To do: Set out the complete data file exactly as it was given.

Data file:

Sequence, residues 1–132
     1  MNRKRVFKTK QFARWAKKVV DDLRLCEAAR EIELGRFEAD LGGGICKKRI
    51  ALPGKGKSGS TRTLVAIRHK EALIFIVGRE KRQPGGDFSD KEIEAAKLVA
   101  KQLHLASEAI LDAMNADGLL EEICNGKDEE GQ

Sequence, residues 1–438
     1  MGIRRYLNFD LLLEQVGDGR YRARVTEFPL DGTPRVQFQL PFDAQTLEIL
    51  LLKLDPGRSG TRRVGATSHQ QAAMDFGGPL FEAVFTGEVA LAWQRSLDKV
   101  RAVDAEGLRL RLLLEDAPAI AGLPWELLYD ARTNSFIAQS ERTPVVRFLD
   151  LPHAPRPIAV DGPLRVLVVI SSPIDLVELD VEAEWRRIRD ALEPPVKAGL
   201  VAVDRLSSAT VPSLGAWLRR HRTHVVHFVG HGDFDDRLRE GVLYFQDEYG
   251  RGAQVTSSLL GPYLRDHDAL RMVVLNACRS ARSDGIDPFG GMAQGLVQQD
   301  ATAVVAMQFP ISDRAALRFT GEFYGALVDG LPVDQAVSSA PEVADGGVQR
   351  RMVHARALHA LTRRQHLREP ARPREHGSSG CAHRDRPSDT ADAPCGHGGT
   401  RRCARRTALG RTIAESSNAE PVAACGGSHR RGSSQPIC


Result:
Sequence, residues 1–132
     1  MNRKRVFKTK QFARWAKKVV DDLRLCEAAR EIELGRFEAD LGGGICKKRI
    51  ALPGKGKSGS TRTLVAIRHK EALIFIVGRE KRQPGGDFSD KEIEAAKLVA
   101  KQLHLASEAI LDAMNADGLL EEICNGKDEE GQ

Sequence, residues 1–438
     1  MGIRRYLNFD LLLEQVGDGR YRARVTEFPL DGTPRVQFQL PFDAQTLEIL
    51  LLKLDPGRSG TRRVGATSHQ QAAMDFGGPL FEAVFTGEVA LAWQRSLDKV
   101  RAVDAEGLRL RLLLEDAPAI AGLPWELLYD ARTNSFIAQS ERTPVVRFLD
   151  LPHAPRPIAV DGPLRVLVVI SSPIDLVELD VEAEWRRIRD ALEPPVKAGL
   201  VAVDRLSSAT VPSLGAWLRR HRTHVVHFVG HGDFDDRLRE GVLYFQDEYG
   251  RGAQVTSSLL GPYLRDHDAL RMVVLNACRS ARSDGIDPFG GMAQGLVQQD
   301  ATAVVAMQFP ISDRAALRFT GEFYGALVDG LPVDQAVSSA PEVADGGVQR
   351  RMVHARALHA LTRRQHLREP ARPREHGSSG CAHRDRPSDT ADAPCGHGGT
   401  RRCARRTALG RTIAESSNAE PVAACGGSHR RGSSQPIC